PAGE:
Adding milk to tea and coffee....A "Good Eats" question

This is a question, but I’m expecting opinion-y type answers, so I’m posting it here. If the mods feel it should be moved, then move away.

On last week’s episode of “Good Eats,” Alton Brown discussed brewing tea. At the end, he mentioned adding sugar and milk and said that unlike coffee, that with tea, you should add the milk to the cup first and then add the tea.
I never even thought about which one got added first. Does it really make a difference? And if so, why?
Or is it just some tea drinker affectation?

And why does it matter with coffee if the milk is added after the coffee? Will I ruin my cuppa-Joe if I pour a little milk in the cup first?

The reason for putting the milk in the cup before the tea is because pouring the cold milk on top of the hot tea scalds it somewhat. I’m not sure of the physics of why putting the milk in first prevents scalding, but you can try it both ways and see for yourself.


everyone knows that tea is served alone. no cream, no sweeteners.

pah! pah! i say! :smiley:

Hmm. I usually put a tea bag in or a tea ball with loose tea, then pour hot water over that if the water is boiled. If microwaved, I add the bag after the cup comes out of the microwave oven. It seems strange to add milk first when using the above procedure.

You should be aware that “She’s rather milk-in-first, dear” was once an insult in England.

It’s U to put the tea in first, and non-U to put the milk in first.

Britain now being a classless society (snerk), tea may go in first or second. If it goes in first, you won’t need a teaspoon to stir.

Do warm the pot. Please, do warm the pot.

I don’t drink tea, but after seeing that whirly-gig kettle Alton was using, I’m tempted to start.

My Scottish grandmother was very particular about how one served tea and I seem to have adopted her practices.

After warming the pot I will brew tea for no more than five minutes, after that it becomes too bitter for my tastes.

If you are going to use milk it should go into the cup first. Add a little tea to warm the milk then fill your cup. This really does affect the flavour of the tea.

I find coffee also tastes better if the cream is put in first and the same process is used.

Okay, that I understand; you’re warming the milk.

But why is it an insult, as masonite pointed out to say someone is “Rather milk-in-first” ? Does it mean low-class?
(Ignert Amerkin asking)

And Why A Duck, yes, wasn’t that a nifty tea kettle Alton had? I assume the airplanes fly around when the water’s boiling.
I really liked the little cast iron tea pot he had. I Google-searched on them…the little buggers run $75 and up! :rolleyes:

I once heard the milk went in first when you’re using those translucent china cups, because otherwise, you could shatter the cup from pouring in the steaming tea!

Tea drinking is a major part of my satisfaction in life, but I only use milk when making chai. I’m a ‘black with two sugars and a squeeze of lemon’ kinda gal. My teapot right now is a programmable Mr. Coffee, so I can get up to a hot pot already smelling nice.

I do need to go to San Francisco’s Chinatown again, though, my stock of specialty teas from last year (China Rose, Jasmine, Ginger, Vanilla, Green, and Gunpowder) is running out.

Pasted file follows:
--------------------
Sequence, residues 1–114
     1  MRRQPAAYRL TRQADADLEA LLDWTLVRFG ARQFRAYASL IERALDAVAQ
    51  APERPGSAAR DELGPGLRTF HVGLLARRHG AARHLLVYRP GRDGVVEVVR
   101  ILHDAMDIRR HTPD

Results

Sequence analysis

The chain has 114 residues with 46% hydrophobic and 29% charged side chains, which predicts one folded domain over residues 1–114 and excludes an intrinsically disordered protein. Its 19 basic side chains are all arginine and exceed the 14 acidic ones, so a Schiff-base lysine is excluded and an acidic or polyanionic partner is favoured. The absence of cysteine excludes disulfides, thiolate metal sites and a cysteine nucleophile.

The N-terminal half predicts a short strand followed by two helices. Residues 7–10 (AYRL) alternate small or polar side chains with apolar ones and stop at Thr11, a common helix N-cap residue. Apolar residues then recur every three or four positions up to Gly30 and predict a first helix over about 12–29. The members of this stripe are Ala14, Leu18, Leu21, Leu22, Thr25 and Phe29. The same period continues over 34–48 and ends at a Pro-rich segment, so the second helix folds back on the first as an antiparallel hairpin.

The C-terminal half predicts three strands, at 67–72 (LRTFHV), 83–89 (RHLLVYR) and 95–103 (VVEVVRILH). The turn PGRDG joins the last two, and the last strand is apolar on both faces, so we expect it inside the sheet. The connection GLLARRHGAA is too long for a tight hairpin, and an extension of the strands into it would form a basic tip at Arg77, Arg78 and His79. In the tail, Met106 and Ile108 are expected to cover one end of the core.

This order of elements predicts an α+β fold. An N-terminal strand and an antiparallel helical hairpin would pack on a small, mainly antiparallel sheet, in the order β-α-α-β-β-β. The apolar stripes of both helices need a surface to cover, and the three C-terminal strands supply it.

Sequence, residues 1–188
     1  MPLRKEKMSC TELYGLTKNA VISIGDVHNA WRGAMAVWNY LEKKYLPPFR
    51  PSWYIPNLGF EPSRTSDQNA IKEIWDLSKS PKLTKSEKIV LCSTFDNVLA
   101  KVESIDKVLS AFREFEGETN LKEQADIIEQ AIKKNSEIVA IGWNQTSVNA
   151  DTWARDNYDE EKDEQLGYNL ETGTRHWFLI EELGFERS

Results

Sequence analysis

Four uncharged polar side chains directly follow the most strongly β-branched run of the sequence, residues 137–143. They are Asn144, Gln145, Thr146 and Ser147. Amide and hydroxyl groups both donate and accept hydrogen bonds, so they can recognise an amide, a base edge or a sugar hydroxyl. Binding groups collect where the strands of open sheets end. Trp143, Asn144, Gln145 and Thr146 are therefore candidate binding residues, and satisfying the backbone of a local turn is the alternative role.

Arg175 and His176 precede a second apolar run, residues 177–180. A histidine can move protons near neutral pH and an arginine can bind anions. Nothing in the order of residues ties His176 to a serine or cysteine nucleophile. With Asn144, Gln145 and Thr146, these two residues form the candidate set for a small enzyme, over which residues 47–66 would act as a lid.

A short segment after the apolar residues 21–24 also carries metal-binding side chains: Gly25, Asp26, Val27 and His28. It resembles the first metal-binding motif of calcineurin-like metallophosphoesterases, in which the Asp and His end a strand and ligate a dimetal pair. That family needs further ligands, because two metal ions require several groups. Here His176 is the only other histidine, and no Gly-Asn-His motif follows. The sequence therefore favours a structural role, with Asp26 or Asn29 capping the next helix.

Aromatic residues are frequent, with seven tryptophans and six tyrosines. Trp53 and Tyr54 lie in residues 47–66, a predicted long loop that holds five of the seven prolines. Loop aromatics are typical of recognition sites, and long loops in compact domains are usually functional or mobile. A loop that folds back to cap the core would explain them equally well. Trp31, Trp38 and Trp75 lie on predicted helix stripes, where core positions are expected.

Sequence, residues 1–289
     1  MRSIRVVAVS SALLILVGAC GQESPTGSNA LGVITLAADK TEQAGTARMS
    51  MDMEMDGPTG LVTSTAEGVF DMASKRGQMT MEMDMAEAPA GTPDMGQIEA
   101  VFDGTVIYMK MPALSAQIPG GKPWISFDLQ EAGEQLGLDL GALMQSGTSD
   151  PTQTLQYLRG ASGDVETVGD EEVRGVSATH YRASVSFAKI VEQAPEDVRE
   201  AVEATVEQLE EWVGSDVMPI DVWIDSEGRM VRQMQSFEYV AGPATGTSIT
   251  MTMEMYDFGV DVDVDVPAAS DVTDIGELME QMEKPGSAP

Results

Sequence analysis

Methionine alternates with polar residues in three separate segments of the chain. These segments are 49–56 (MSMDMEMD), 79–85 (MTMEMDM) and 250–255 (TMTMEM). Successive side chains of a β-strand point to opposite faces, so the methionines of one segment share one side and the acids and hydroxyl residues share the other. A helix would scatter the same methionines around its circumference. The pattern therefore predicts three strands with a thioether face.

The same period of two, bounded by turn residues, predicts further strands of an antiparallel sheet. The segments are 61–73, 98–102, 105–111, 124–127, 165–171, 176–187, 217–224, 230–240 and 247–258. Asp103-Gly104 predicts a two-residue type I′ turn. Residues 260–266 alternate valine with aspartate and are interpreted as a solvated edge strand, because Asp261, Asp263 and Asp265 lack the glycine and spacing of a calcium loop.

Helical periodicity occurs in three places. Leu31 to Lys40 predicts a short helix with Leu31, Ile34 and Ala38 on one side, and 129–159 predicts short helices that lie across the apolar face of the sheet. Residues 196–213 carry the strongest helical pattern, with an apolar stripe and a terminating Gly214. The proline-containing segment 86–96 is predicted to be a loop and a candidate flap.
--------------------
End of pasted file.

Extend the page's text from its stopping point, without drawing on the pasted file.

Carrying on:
I bought the kettle after seeing the tea show the first time it was on. I still don’t drink tea, but I boil water a lot :slight_smile:

And yes, I am easily amused thankyouverymuch.

Demigoddess, where did you get it?
Horribly expensive or reasonable?
Do the airplanes fly around when the water boils, or all the time?

Also Easily Amused. :wink:

How does one ‘scald’ milk??? In what way does ‘scalded’ milk differ from normal milk?

The reason for putting the milk in first is quite straightforward. You can more accurately judge how much milk you are adding, and you can then fill the rest of the mug to with tea without having to worry about how much room to leave.

Any other reasons are folklore, snobbery and nonsense.

I found it online somewhere (Maybe at teapots4sale? The name escapes me at the moment.) for about $70. A little extravagant for a tea kettle but it seemed worth it at the time - still does, actually. The spaceships fly around only when the water boils. It’s very keen.

It’s made by Kamenstein, and it is at teapots4sale.

Okay, this prompts me to ask: none of you who use milk and also use tea bags are leaving the tea bags in, are you?

I haven’t the foggiest. I don’t expect tea-snobbery to make any sense, although it appeals to my general love of older English novels. I’d love to hear an explanation.

It tastes different. it really does. I find tea too milky-tasting if the tea goes on top of the milk.

I fill the cup to a reasonable level (contrary to Futile Gesture’s fears, this is a task most adults can master), then add a dash of milk. This cuts the tanniny taste without swamping it.

The queen does it this way too, and I think this is indicative of the snobbery aspect. Those same “milk-in-after” snobs would also snicker if you talked of a “mirror”, rather than a “looking-glass”, or a “serviette”, rather than a “napkin”, so you can see just how pointless an insult it was.

They’d probably think “Good Eats” was an ugly title for a televsion show too, so they weren’t always wrong.

Nup: real tea has to be poured on top of the milk, into a china cup with saucer, and a silver teaspoon at the side.

Otherwise, it’s just not tea, is it dears?

(But don’t even THINK of putting the milk in before the teabag)

That’s because you’re not supposed to use bags.